Special Commissioned Entry on George Orwell, W. Scott Lucas
Special Commissioned Entry on George Orwell
See also Animal Farm Criticism and 1984 Criticism.
The following chronology provides an overview of Orwell's life and writing career. In-depth explication of these subjects is presented in the “Criticism” section of this entry.
1857: Richard Blair is born in Milborne St. Andrew, Dorset, England, the youngest of ten children of a village vicar.
1875: Ida Limouzin, the daughter of a French father and English mother, is born in the London suburb of Penge but is raised in Moulmein, Burma.
1896: Richard Blair, an official in the Opium Department of the Indian Civil Service, marries Ida Limouzin.
1898: Eric Blair's older sister, Marjorie, is born on 21 April.
1903: Eric Blair is born in Motihari, Bengal, India, on 25 June.
1904: Ida Blair moves to England with Eric and Marjorie, settling in Henley-on-Thames in Oxfordshire.
1908: Eric Blair's younger sister, Avril, is born on 6 April.
1911: Richard Blair retires from the Indian Civil Service and joins his family in England. Eric attends St. Cyprian's School, outside Eastbourne in Sussex, on a scholarship.
1914: Eric Blair's first published poem, “Awake! Young Men of England,” appears in the 2 October issue of the Henley and South Oxfordshire Standard.
1916: Eric Blair publishes a second patriotic poem, “Kitchener,” in the 21 July Henley and South Oxfordshire Standard.
1917: In May, Eric Blair enters the elite public school Eton College on a scholarship. In September, Richard Blair joins the Royal Army as a second lieutenant and is put in charge of mules in a camp near Marseilles, France. Ida Blair takes a clerical job with the Ministry of Pensions and moves with her older daughter, Marjorie, to Earls Court, London.
1921: In December, Eric Blair leaves Eton, placing 138th out of 167 students in the final-year examinations. That same month, his parents move to Southwold in Essex.
1922: In June, Blair takes the week long examinations for entry into the Imperial Police of the India Office.
1922: On 27 October, Blair sails for Rangoon, Burma, as a probationary assistant district superintendent of police. In November he attends training school in Mandalay.
1924: In January, Blair takes up his first provincial post in Myaungmya, eighty miles west of Rangoon. In the spring he moves to Twante, twelve miles from Rangoon.
1925: Blair is posted in January to Syriam, ten miles from Rangoon, and put in charge of security at a refinery of the Burmah Oil Company. In October he becomes an assistant superintendent at the large police headquarters in Insein, ten miles north of Rangoon.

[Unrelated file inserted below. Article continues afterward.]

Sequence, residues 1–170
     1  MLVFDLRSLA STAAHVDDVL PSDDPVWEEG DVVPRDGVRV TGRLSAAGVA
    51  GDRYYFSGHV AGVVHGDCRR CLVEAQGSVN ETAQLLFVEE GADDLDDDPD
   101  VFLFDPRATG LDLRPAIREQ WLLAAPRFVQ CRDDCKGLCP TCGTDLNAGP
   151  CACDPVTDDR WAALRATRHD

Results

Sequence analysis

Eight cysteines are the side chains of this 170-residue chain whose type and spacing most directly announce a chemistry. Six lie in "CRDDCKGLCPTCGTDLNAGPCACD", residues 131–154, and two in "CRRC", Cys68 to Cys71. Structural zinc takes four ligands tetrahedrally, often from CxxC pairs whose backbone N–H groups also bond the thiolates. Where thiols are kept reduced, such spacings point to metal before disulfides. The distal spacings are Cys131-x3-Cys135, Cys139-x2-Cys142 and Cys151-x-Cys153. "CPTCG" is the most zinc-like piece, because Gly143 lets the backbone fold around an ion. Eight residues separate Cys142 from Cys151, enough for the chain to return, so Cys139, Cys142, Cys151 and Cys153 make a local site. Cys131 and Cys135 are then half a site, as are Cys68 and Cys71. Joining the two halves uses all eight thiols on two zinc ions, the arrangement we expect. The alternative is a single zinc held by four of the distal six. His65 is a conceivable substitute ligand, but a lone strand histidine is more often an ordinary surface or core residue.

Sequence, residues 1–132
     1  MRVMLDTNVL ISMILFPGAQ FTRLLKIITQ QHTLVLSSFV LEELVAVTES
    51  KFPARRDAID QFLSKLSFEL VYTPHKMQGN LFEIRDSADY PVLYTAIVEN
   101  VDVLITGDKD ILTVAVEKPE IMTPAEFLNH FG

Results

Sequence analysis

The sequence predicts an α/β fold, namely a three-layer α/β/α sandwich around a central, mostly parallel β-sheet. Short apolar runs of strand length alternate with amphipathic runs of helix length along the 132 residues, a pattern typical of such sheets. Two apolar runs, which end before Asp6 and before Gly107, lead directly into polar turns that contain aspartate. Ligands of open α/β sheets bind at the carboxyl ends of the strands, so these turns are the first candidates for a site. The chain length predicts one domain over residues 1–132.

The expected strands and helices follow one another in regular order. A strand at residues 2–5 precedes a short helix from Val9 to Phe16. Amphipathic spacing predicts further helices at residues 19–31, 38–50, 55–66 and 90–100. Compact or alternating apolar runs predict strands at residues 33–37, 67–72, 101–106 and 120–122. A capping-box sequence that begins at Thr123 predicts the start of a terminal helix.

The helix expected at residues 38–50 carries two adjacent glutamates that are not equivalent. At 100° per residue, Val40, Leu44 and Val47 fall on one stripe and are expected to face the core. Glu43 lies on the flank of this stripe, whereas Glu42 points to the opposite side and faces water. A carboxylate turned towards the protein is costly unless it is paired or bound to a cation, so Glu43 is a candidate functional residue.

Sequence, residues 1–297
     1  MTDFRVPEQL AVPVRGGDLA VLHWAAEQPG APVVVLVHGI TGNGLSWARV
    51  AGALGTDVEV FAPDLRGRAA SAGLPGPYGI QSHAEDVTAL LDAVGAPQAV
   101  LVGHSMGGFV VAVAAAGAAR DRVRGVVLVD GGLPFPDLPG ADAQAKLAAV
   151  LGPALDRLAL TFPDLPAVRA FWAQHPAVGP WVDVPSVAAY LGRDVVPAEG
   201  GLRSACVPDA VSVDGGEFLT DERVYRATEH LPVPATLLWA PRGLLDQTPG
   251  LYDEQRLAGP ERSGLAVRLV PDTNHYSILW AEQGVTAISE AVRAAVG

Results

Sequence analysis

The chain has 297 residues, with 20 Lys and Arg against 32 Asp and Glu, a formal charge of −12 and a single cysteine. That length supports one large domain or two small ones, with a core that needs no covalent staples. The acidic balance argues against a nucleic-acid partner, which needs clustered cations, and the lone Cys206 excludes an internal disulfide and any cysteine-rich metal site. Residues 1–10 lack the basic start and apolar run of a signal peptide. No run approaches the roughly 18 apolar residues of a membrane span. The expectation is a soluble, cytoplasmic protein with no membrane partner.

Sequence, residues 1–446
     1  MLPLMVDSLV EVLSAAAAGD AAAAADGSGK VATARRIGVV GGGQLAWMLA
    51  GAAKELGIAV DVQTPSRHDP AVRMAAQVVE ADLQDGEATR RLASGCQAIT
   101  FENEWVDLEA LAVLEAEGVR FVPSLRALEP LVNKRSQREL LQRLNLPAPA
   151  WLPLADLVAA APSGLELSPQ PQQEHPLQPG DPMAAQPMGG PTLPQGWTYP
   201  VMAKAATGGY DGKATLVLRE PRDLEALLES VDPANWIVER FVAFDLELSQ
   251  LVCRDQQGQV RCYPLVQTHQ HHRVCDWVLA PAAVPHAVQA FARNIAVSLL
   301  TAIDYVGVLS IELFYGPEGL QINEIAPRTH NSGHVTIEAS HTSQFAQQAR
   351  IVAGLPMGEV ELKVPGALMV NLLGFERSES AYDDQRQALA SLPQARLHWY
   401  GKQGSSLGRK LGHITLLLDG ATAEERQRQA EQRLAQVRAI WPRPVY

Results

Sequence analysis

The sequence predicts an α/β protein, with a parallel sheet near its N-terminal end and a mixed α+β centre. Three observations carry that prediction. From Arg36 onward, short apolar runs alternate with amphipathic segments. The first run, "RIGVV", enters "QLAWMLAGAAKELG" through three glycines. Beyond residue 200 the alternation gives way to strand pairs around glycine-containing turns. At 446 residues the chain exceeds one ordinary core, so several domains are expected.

1926: Blair moves in April to Moulmein, the third-largest city in Burma. In December he takes up his last post, at Katha, in the jungle of Upper Burma.
1927: In July, Blair resigns from the Imperial Police, leaving the service early on unspecified medical grounds. The following winter he goes “down and out” in the East End of London and then begins “tramping” about the city.
1928: Blair moves in the spring to Paris, living in a cheap hotel at 6 rue du Pot de Fer in the Latin Quarter. On 6 October his first published article, “La Censure en Angleterre,” appears in the newspaper Le Monde. His first English-language publication, “A Farthing Newspaper,” appears in the 29 December issue of G. K. Chesterton's G. K.'s Weekly. The first part of a three-part series on the unemployment situation in England is published in Le Progrès civique, also on 29 December.
1929: Early in the year the concluding parts of Blair's series on unemployment, as well as another on the British presence in Burma, are published in Le Progrès civique. From April to June the McClure Newspaper Syndicate rejects three of his short stories. In August, Blair submits a version of “The Spike,” based on his tramping in London, to The New Adelphi. In the fall, after the theft of almost all his money, he pawns his good clothes and takes a job doing menial work in the kitchen of a Paris hotel. Blair leaves Paris in December for his parents' home in Southwold, Essex, and works as a caregiver and tutor.
1930: In the spring Blair publishes his first book review, of Lewis Mumford's biography Herman Melville (1929), for The New Adelphi. In April, Blair resumes his tramping, both in London and in the counties of Kent, Bedfordshire, Essex, and Suffolk. He finishes “A Scullion's Diary,” the first version of the Paris section of Down and Out in Paris and London (1933), in October.